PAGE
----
There are two possible ways to address this problem. One is to elect people that everyone trusts. The problem with that is that there aren’t any politicians that everyone trusts — and, alas, if there were, the odds are good that such trust would turn out to be misplaced.
The other option is to place less power within the political sphere. The less power the government has, the less incentive for corruption, and the less that can go wrong when the government misbehaves. The problem with this approach is that the political class likes a powerful government — it’s one of the reasons that the Washington, DC, area, where much of the political class lives, is beginning to resemble the Capital City in The Hunger Games, prospering while the rest of the country suffers.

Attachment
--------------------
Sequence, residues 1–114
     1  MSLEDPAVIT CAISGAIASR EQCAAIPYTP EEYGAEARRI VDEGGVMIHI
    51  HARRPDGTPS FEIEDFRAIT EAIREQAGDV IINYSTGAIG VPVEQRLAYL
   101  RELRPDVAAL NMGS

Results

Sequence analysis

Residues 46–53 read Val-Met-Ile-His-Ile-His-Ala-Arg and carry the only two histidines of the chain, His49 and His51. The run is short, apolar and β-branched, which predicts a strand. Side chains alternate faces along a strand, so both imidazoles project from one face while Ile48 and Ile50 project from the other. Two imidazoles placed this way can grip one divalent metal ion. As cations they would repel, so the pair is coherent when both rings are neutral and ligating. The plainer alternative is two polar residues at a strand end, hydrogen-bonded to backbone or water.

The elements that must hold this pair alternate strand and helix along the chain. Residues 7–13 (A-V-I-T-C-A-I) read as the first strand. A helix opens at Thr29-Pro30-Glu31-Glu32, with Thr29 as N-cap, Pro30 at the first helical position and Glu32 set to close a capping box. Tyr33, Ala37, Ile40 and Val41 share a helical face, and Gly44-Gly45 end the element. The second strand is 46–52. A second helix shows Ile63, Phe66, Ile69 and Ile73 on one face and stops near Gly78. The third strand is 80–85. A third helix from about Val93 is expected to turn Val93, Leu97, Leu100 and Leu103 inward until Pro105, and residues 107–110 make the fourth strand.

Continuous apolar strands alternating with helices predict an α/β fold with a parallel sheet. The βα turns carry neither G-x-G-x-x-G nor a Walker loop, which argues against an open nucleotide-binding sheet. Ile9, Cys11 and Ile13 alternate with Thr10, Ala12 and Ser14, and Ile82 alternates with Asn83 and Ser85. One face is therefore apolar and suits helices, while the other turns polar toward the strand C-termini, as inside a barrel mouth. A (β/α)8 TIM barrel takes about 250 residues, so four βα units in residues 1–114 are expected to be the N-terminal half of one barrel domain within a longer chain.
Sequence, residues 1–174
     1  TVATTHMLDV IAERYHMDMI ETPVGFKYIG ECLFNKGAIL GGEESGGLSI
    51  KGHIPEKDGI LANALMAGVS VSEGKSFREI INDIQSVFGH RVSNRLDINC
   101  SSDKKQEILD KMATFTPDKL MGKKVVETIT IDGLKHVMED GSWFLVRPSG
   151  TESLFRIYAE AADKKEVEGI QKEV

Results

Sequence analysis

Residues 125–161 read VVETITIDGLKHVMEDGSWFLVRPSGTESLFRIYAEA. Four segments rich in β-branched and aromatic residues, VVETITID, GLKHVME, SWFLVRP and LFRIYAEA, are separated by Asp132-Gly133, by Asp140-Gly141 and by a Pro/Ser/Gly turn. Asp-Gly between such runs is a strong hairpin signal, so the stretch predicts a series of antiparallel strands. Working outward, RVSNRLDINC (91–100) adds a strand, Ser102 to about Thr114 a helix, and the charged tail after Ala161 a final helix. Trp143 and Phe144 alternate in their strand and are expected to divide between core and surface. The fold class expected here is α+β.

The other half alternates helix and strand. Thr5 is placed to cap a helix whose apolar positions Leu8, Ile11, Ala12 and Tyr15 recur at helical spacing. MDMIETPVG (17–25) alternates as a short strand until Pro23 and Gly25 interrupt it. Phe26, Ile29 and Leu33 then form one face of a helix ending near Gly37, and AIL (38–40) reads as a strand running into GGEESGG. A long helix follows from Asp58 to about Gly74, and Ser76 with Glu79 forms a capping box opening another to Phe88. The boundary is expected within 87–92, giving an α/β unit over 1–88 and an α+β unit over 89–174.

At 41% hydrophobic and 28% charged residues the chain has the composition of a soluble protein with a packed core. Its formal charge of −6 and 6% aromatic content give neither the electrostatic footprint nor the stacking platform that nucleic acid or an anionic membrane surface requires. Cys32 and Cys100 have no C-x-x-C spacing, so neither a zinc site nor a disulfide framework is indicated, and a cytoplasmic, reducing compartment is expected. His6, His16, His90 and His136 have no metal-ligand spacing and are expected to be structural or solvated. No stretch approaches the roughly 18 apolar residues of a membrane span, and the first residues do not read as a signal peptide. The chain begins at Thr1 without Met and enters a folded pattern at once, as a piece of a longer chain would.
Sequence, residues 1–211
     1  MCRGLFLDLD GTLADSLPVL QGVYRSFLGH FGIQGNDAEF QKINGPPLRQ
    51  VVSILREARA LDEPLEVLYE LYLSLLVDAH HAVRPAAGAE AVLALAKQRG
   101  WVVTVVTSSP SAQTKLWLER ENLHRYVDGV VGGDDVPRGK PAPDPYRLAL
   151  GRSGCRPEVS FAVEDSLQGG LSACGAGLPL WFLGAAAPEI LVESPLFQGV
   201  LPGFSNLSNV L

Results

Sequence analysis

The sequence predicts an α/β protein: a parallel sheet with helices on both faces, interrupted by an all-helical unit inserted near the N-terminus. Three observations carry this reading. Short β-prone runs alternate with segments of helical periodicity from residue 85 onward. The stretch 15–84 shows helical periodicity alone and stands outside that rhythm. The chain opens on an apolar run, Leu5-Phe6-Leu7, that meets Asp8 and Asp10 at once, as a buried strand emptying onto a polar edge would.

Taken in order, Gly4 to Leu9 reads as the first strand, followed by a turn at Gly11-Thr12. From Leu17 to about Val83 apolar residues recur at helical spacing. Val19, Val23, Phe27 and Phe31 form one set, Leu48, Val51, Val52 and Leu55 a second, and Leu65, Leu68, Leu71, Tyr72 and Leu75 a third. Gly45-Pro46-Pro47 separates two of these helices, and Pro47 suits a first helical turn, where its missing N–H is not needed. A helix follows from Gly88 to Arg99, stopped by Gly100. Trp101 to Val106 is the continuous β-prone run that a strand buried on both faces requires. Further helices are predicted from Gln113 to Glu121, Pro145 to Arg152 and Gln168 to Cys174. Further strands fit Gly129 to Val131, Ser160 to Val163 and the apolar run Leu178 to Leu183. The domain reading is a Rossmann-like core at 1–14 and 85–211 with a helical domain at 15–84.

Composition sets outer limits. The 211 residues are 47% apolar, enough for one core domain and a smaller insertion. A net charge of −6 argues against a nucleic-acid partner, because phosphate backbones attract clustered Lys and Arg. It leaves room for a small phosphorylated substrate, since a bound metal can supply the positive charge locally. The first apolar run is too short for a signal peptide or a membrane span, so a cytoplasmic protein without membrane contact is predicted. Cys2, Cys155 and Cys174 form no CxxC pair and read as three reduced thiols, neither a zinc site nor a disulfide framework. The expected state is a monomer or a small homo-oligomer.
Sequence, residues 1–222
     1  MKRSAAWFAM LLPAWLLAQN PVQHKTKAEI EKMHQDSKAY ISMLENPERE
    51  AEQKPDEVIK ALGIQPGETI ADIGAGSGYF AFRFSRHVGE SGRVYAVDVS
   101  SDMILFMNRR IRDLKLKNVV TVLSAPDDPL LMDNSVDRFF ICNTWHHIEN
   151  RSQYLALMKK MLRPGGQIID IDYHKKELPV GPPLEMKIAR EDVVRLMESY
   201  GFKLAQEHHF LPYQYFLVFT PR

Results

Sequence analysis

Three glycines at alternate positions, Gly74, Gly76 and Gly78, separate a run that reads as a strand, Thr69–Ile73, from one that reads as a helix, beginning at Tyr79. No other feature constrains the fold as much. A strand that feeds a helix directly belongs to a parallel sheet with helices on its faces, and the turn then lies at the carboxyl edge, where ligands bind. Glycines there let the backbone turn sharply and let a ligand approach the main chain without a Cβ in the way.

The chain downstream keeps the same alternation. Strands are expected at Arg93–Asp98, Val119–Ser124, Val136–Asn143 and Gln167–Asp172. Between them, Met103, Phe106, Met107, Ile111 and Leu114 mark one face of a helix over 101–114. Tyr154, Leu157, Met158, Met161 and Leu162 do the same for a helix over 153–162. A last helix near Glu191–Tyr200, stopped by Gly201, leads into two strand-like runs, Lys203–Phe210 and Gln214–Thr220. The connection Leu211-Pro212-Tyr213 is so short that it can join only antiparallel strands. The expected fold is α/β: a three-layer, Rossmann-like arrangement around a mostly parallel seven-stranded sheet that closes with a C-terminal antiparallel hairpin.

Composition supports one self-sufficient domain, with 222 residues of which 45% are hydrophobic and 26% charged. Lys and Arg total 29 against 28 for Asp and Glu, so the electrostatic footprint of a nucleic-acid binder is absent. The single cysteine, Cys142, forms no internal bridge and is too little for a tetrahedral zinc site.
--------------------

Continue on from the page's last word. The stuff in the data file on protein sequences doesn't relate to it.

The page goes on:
The political class usually gets its way, because it thinks about politics — and its own position — every waking moment, while the rest of America thinks about these things only in fits and starts, in between living everyday life. But if there’s an upside to the increasing unhappiness that most Americans feel toward the political class, it’s that maybe it means people are paying closer attention.